Why are you still using shared drives?

[fa icon="calendar"] Feb 9, 2017 9:37:08 AM / by David Yoon

 businessfail.jpgWhy exactly are shared drives still so widely used? Shared network folders impose a significant cost to organizations that rely on information and are not suitable as record-keeping systems. Sure they're familiar, easy to use, and hugely convenient, but that isn’t enough to tip the scales in their favor. Let’s consider some of the problems with shared drives that has 9 out of 10 organizations looking to scale back or remove theirs entirely.

 Lack of Structure

Without relevant metadata or classifications, retrieving information becomes increasingly difficult. Inconsistency in folder structure and haphazard permissioning create information silos and make enterprise-wide search impossible. As a result, information is often re-created or edited from older versions creating multiple versions of the truth. Decisions are made based on incorrect or out of date information which can have a profound effect in terms of cost and reputation.

Lack of Governance

Without audit trails or version control it is impossible to prove the authenticity or integrity of information. Departmental sharing can be difficult, external and mobile access is not supported, and a lack of offline synchronization means individuals and teams resort to manually transferring information via email, thumbdrives or saving to the desktop. Data is exposed and completely outside of compliance, leaving organizations open to legal risk.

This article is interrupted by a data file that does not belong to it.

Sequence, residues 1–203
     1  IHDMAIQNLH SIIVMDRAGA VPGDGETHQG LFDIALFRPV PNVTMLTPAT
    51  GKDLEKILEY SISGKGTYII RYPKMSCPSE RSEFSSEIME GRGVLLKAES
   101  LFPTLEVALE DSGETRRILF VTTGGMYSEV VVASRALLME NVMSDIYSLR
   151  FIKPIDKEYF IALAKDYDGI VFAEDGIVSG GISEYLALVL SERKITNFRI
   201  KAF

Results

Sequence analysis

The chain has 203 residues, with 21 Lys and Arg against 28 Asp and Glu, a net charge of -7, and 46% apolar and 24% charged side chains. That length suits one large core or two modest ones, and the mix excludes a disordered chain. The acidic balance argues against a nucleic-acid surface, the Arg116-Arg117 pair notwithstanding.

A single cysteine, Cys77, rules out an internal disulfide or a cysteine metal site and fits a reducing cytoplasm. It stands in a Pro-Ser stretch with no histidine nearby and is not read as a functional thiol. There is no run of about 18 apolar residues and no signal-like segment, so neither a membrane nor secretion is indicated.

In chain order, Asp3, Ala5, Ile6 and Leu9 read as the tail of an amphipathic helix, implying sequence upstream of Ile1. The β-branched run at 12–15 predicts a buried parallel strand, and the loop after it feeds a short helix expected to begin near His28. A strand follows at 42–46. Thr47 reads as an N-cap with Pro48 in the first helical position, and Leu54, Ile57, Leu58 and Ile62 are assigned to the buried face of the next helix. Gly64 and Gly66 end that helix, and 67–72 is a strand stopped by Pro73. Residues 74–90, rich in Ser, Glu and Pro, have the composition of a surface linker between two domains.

Increased Storage Costs

Shared drives inevitably leads to significant duplication of information. Documents are needlessly recreated and multiple versions proliferate. Without a process of defensible disposition, document volumes can become unwieldy (not to mention exposing organizations to unnecessary risk). Lack of rigour and regular housekeeping means the continued growth of redundant, obsolete and trivial files pushing the limits of storage.

Given these problems why aren’t organizations working feverishly to eliminate shared drives and moving information into their existent ECM system? Especially now that there’s a disruption-free, zero-change method of transferring data to an organization’s ECM investment. Let’s talk.

Topics: Enterprise, Records Management, Defensible Disposition

David Yoon

Written by David Yoon

Director of Marketing at Shinydocs Corporation. Delivering information management that embraces your current work culture and optimizes your technology investments.

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